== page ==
In the previous article, we were discussing two important words…dependency and paternalism. Dependency again is when we develop an unhealthy relationship with a donor where we start to look to them as the supplier of our needs rather than to God. Paternalism is when we take the role of a parent and treat the staff we are raising money for or helping financially as if they are children. Instead of trusting them, allowing them to mature, learn and grow in how to interact with donors, we don’t train them and we keep all the control in our hands. For many years we keep them in the same place of dependency upon our maturity and skills rather than developing their own abilities.
To further illustrate some of the dangers of dependency and paternalism let me share a few situations I faced in the last month. I share them not as examples of doing everything right, but to help all of us think about what questions we need to be asking when faced with these kinds of situations.
1. Widow needing money for housing. There is a widow in our city that we regularly support. Her husband was a pastor and church planter and passed away a few years ago. We had a relationship with him and when he died we decided to help this widow with a regular financial gift. This widow has a son who is in his late teens. He is not very healthy and has not been able to continue in school because of his poor health. He does not work. Recently they came to us and told us that they needed more money for a better house. They were being persecuted where they lived. They didn't have freedom to sing songs to Jesus without making the neighbors angry. They wanted us to help them with money to move to a more expensive place where they could freely sing and worship God.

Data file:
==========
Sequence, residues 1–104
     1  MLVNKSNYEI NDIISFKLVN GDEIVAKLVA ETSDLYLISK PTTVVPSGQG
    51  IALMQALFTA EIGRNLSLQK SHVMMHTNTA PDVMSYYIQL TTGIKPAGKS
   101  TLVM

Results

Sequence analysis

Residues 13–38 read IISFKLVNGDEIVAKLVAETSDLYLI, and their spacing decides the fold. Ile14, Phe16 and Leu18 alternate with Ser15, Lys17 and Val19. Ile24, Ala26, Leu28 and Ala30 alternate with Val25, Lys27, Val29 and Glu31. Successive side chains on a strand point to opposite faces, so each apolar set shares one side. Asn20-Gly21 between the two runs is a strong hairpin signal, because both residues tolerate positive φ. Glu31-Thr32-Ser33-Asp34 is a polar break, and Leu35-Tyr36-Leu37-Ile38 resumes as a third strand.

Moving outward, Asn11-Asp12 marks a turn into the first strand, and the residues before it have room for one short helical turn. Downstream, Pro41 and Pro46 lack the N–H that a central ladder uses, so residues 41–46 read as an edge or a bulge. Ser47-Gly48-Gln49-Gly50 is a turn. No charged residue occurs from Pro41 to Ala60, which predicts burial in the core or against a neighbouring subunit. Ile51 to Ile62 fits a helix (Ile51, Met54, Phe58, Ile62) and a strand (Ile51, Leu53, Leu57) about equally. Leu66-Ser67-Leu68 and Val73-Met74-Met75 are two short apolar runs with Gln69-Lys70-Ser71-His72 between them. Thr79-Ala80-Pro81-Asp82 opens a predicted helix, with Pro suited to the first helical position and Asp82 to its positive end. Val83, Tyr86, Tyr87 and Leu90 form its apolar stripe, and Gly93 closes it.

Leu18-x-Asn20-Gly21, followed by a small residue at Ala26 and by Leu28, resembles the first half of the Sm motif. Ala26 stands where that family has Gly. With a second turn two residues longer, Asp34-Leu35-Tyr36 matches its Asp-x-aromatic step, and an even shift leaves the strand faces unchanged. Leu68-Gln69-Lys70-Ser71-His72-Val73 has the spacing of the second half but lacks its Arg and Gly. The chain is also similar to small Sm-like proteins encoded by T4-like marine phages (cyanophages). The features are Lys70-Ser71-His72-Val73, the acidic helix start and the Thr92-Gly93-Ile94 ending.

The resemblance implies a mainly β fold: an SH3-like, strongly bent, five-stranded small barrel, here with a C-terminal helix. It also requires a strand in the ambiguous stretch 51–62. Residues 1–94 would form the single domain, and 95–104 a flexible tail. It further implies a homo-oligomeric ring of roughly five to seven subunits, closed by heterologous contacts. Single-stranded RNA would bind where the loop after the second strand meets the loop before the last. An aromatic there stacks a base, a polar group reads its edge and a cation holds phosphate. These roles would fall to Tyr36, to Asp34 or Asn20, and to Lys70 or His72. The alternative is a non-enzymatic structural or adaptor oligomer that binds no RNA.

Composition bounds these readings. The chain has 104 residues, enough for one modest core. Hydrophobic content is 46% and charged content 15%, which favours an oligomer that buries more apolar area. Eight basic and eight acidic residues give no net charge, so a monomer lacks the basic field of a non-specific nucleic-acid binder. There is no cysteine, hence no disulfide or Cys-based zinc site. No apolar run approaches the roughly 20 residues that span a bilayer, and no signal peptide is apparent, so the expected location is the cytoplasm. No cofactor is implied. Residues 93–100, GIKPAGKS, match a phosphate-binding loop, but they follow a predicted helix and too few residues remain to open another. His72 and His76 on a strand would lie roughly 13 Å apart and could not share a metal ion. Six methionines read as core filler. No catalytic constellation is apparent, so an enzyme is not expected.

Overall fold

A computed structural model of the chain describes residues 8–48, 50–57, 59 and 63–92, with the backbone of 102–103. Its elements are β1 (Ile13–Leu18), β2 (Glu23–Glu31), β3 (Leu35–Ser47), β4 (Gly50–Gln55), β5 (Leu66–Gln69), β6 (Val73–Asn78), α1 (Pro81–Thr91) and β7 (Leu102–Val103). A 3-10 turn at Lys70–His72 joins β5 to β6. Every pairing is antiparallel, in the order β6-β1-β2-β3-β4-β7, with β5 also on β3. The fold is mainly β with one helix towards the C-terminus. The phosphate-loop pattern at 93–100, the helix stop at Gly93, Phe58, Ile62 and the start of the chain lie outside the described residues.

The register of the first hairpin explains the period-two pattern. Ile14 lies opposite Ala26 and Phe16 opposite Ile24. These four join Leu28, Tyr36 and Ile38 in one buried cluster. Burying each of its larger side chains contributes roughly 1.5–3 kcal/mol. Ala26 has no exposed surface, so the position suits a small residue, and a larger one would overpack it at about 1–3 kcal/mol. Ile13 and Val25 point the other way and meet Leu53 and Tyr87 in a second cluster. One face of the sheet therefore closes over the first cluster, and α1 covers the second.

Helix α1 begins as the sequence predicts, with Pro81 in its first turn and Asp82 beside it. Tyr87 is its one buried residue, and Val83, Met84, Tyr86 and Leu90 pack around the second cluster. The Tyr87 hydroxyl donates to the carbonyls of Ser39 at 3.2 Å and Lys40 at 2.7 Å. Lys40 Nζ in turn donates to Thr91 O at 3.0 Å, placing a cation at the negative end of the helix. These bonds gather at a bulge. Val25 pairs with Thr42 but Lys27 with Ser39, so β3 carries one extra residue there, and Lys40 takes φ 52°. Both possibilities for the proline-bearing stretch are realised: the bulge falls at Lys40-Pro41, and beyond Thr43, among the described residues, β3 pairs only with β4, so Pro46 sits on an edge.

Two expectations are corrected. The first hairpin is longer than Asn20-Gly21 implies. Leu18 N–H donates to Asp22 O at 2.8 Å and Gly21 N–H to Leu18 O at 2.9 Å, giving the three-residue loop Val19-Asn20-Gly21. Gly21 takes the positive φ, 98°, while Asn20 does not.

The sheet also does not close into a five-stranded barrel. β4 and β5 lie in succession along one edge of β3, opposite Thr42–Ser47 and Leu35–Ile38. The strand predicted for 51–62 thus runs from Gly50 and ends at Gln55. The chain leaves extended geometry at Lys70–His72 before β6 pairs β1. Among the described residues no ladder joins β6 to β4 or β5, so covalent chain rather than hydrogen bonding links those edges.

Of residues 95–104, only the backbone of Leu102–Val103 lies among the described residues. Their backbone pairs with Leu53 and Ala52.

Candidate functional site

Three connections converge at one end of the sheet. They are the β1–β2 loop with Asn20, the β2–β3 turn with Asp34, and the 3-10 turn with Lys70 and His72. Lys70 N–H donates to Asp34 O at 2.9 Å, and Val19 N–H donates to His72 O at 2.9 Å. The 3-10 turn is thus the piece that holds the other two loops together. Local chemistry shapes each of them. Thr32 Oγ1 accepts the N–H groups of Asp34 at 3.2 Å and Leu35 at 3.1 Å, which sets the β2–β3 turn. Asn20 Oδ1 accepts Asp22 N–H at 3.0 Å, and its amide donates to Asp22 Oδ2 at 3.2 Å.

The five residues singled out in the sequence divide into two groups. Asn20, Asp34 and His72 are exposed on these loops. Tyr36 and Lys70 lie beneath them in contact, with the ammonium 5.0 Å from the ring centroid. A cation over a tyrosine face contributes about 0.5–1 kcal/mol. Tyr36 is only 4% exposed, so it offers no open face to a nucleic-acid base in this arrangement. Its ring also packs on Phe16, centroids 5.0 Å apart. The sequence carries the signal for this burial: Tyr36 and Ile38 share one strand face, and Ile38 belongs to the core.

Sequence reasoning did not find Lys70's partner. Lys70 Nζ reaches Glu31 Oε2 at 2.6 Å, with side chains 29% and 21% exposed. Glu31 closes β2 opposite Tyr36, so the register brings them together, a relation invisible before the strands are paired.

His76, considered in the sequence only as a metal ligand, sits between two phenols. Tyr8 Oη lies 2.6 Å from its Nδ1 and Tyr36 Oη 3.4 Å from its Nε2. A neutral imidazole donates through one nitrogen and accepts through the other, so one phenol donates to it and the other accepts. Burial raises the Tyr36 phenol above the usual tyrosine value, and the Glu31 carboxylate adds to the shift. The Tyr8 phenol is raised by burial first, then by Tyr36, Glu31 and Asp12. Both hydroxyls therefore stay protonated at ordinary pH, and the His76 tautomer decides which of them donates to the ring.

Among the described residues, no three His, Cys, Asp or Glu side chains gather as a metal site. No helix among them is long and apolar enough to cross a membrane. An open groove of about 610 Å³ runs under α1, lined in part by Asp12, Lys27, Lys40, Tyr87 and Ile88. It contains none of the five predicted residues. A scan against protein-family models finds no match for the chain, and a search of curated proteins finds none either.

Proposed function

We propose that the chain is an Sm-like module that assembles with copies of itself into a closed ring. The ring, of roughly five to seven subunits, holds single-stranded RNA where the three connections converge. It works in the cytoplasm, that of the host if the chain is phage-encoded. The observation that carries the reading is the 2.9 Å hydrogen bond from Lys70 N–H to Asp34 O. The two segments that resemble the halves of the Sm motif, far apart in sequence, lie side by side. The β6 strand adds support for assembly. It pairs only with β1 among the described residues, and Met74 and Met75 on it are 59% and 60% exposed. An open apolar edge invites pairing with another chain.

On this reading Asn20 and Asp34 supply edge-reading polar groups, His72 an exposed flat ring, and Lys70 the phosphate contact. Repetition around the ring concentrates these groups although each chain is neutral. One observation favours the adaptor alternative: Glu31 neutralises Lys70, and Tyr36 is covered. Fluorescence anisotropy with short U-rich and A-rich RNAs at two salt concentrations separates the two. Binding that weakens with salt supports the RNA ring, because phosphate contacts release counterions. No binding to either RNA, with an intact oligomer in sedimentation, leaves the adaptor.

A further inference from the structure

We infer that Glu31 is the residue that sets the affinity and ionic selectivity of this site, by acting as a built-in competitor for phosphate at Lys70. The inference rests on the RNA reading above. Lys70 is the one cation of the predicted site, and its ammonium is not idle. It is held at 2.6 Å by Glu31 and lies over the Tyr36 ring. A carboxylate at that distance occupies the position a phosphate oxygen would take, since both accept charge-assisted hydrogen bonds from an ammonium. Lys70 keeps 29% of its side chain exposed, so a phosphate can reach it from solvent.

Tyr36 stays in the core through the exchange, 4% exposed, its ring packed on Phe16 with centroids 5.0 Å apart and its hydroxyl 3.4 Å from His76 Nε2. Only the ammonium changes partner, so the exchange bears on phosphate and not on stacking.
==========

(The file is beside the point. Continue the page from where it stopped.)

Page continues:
It sounds reasonable right? So what questions do we need to ask here to avoid dependency and paternalism? Well, the first question is: are they looking to us or to God to find a solution to their problem? Are we pointing them back to God? Is there a way that they could pray and love and do something to make peace with their neighbors? Another question is whether or not our giving will actually help or hurt them. It might be possible that by giving them this money we are teaching them to run from their problems rather than solving them. Maybe they are being rude to their neighbors by singing loudly in the early morning, or maybe they are not working to build bridges of friendship with those who are of different faiths. Lastly, we need to ask ourselves, what are long term solutions for this widow and her son? How can I truly help them where one day they will not need my support? Maybe I need to fast and pray for the sick son and then help him to get a job or training in job skills. Maybe I need to do a bible study with this widow and her son on God's faithfulness and on God as their provider, and then see what God will do for them if I do nothing to help them financially.